Now behold we look forth and see the fruits of our labors; and are they few? I say unto you, Nay, they are many; Yea, and we can witness of their sincerity, because of their love towards their brethren and also towards us.”  (Alma 26:27-31)

I feel the sweetest happiness as I think of those to whom God sent me to invite to come unto Christ. As their faces come into my mind, I can't help but yearn that they'll stay faithful to that which they know to be true. But I am comforted as I reflect on the scripture:

"Behold, they are in the hands of the Lord of the harvest, and they are His; and He will raise them up at the last day. Blessed be the name of our God; let us sing to His praise, yea let us give thanks to His holy name, for He doth work righteousness forever."  (Alma 26:7-8)

Another that brings me peace is this: 

"And he gathereth his children from the four quarters of the earth; and he numbereth his sheep, and they know him; and there shall be one fold and one shepherd; and he shall feed his sheep, and in him they shall find pasture." (1 Nephi 22:25)

I am grateful for the greater understanding I now have of the Atonement of Jesus Christ. I have began to understand just how personal and individual the Atonement really is. I really think that if I was, or you were, the only person on the face of the Earth, Christ would still have come and performed the Atonement, just for you or me.  Nothing will bring us more joy than the Atonement of Jesus Christ. I know that through His Atonement we will all overcome death and return to His presence. The only thing more wonderful than that fact is that not only may we return into God's presence, but that, if we diligently strive to repent and follow the Savior in this life, we will discover then that we will have become like Him. I know that grace, the strengthening and enabling power of Christ's Atonement, has the power to change us for the better as we submit to the will of the Father, especially as we participate in catalyzing experiences such as missions. I know it has changed me forever.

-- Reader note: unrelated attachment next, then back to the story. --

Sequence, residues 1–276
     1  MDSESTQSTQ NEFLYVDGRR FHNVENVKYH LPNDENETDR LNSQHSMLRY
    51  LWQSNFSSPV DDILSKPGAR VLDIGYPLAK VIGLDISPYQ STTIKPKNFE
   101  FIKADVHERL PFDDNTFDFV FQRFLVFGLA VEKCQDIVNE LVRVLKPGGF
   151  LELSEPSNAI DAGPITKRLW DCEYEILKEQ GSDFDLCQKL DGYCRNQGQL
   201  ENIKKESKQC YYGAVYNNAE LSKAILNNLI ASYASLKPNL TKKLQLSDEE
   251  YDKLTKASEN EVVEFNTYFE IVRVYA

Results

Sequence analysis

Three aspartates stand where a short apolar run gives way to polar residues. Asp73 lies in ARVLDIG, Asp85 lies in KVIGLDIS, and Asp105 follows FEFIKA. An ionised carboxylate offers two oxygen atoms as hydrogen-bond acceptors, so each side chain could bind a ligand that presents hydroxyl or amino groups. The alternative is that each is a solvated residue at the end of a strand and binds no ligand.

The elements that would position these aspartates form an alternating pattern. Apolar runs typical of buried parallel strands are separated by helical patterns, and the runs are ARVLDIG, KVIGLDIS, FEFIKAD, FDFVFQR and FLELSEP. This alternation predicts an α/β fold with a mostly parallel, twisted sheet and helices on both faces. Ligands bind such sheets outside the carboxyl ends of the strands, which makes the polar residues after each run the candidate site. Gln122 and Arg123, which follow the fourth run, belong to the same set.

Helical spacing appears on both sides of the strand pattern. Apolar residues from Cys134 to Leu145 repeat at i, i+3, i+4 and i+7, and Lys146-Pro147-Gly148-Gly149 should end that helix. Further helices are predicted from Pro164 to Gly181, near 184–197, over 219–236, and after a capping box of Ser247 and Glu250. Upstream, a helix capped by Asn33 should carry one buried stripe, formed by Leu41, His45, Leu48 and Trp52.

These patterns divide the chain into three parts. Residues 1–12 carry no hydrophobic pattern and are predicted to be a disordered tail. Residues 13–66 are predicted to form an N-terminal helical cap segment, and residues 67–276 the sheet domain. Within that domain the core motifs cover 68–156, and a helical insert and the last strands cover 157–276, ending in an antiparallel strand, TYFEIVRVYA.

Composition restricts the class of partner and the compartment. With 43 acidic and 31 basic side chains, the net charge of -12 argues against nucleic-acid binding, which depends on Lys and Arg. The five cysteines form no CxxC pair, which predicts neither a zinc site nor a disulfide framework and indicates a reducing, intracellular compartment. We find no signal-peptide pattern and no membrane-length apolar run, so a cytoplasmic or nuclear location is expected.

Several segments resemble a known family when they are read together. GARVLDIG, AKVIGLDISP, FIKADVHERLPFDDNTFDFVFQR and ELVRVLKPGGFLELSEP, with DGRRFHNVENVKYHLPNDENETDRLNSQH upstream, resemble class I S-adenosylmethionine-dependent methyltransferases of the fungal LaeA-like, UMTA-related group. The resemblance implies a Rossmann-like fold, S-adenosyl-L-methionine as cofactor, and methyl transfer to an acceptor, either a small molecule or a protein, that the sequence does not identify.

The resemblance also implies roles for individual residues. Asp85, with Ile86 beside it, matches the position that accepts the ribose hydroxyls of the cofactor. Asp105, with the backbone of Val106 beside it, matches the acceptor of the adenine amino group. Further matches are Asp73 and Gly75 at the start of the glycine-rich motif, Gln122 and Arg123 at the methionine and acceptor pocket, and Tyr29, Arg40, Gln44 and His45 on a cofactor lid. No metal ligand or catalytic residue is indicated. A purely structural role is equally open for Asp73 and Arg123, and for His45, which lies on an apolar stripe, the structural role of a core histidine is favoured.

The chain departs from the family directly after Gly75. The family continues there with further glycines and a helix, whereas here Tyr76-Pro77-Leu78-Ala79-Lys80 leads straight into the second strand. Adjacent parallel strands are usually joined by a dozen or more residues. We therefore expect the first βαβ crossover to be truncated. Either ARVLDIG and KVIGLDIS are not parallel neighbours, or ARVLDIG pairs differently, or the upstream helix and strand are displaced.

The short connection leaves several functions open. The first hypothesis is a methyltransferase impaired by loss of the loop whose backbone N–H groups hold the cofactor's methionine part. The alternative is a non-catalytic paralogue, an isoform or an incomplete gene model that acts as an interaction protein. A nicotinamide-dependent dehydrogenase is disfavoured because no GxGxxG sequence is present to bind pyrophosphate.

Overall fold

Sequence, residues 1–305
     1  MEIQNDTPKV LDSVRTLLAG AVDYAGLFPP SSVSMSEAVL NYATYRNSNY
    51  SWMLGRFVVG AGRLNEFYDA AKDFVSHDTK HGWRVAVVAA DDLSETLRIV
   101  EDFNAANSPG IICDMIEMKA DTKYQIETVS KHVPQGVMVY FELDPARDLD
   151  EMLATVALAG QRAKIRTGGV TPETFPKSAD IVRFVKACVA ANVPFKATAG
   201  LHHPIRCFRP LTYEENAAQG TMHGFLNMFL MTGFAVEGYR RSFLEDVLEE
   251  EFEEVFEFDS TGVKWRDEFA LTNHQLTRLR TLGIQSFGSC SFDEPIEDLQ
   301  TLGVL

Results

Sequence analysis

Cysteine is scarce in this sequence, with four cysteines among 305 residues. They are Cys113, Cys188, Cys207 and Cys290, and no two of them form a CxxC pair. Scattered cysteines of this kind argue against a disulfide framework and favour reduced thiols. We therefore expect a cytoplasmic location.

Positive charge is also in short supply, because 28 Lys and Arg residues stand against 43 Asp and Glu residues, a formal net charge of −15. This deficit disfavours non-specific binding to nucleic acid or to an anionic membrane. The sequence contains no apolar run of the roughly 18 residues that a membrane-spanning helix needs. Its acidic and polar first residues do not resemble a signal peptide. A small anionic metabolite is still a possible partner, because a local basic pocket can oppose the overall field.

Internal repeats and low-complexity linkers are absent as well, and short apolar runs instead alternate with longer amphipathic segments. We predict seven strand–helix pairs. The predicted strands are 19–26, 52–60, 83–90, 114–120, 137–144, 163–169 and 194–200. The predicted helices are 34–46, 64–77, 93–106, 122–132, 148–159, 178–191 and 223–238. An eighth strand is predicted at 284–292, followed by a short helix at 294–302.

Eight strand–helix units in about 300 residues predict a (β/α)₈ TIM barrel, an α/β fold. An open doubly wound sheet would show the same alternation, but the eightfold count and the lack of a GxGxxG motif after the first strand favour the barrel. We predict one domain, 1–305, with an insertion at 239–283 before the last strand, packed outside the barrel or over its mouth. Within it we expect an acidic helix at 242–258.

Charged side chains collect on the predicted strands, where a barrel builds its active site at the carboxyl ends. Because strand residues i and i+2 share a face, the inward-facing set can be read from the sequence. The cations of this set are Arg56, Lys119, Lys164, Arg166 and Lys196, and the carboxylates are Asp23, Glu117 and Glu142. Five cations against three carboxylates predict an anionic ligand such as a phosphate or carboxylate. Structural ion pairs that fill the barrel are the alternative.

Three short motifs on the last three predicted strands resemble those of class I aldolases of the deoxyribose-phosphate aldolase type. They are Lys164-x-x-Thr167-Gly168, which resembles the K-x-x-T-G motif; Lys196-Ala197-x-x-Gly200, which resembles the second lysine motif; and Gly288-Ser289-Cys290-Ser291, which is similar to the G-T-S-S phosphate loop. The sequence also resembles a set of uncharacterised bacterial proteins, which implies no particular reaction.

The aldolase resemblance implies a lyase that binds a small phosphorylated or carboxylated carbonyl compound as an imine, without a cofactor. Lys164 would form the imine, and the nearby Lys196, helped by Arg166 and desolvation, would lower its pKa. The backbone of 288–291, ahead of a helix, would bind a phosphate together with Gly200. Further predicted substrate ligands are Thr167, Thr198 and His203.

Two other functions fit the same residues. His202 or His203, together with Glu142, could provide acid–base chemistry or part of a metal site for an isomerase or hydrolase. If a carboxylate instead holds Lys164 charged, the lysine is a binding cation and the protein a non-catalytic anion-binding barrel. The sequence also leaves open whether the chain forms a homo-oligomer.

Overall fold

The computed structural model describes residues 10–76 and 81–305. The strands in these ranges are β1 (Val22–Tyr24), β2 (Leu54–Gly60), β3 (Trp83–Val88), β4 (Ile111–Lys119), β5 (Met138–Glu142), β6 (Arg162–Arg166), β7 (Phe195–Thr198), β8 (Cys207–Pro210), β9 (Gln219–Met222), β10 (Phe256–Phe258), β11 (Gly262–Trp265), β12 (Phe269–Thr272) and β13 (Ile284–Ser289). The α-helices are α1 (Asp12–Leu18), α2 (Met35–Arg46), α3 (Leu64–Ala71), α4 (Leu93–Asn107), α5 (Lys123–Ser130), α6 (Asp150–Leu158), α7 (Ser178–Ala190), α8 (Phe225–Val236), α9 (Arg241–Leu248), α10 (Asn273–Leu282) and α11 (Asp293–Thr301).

"And also our lives passed away as it were unto us a dream."(Jacob 7:26) This verse rings true for a mission. I couldn't have imagined a more fulfilling experience. A few months ago, a companion asked me what my favorite thing I've learned from my mission is. It didn't take too many seconds for the answer to surface. My favorite thing about the mission is seeing and feeling that God perfectly knows and perfectly loves every single one of His children. I have felt His love for His Cambodian children as I've taught them in their homes and on their streets and in their fields. At times I've felt it so strongly that I have felt that I must be glowing with His wonderful power and light. I now know what Nephi means when he says, "He hath filled my soul with His love, even unto the consuming of my flesh." (2 Nephi 4:21) I just thank my Heavenly Father for letting me come here and show my love for Him by serving and loving my Cambodian brothers and sisters.

"Yea, blessed be the name of my God, who has been mindful of us, wanderers in a foreign land.Now my brethren, we see that God is mindful of every people, whatsoever land they may be in; yea, he numbereth his people, and his bowels of mercy are over all the earth. Now this is my joy, and my great thanksgiving; yea, and I will give thanks unto my God forever. Amen." (Alma 26:36-37)

I love y’all so much.

Love Elder Burger

With Seihaa, a guy who was baptized in my time at Chaktomuk. I actually taught him the first time the elders taught him because I was on an exchange way back then too. He is one of the people I have seen change the most through the Atonement. It is a miracle.

My "death card"

Elder Khiev took the machete out of Elder Try's hands yesterday during impromptu service so he could show him how "us ricefield people" cut bark off trees. Hahaha, those two make me bend over laughing like fifty times a day.

Just the view out the Tuolsangkae Elder's study-room window

Guards at the AP's condo building were all passed out when we got there. Gave me some Book of Mormon flashbacks.